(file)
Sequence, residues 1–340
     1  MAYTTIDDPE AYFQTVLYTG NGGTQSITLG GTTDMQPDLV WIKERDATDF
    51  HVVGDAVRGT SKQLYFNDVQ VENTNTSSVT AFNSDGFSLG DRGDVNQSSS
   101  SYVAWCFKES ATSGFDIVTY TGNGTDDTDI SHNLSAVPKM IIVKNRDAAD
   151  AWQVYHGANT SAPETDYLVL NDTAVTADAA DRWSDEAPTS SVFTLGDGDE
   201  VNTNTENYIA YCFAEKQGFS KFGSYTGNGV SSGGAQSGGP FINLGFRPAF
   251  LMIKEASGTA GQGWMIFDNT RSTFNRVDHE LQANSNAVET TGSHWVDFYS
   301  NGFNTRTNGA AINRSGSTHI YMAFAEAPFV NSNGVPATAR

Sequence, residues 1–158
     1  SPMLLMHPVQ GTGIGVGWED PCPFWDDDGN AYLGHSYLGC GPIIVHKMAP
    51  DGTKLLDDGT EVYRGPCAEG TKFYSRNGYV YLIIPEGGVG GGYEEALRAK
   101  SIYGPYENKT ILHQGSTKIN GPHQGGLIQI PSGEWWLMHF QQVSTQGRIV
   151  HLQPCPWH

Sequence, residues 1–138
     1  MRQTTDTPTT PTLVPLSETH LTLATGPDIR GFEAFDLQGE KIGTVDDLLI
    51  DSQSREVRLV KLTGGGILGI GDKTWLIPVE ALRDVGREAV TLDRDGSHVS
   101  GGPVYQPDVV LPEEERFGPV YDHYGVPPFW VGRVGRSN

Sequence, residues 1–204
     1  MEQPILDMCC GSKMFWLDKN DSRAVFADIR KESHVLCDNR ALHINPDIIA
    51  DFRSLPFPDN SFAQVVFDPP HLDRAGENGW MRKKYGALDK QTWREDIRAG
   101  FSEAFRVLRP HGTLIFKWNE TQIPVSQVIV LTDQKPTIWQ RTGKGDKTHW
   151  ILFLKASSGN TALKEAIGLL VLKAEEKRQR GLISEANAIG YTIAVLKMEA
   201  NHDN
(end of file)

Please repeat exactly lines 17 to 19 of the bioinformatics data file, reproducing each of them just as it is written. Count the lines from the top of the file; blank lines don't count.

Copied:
   101  GGPVYQPDVV LPEEERFGPV YDHYGVPPFW VGRVGRSN

Sequence, residues 1–204
     1  MEQPILDMCC GSKMFWLDKN DSRAVFADIR KESHVLCDNR ALHINPDIIA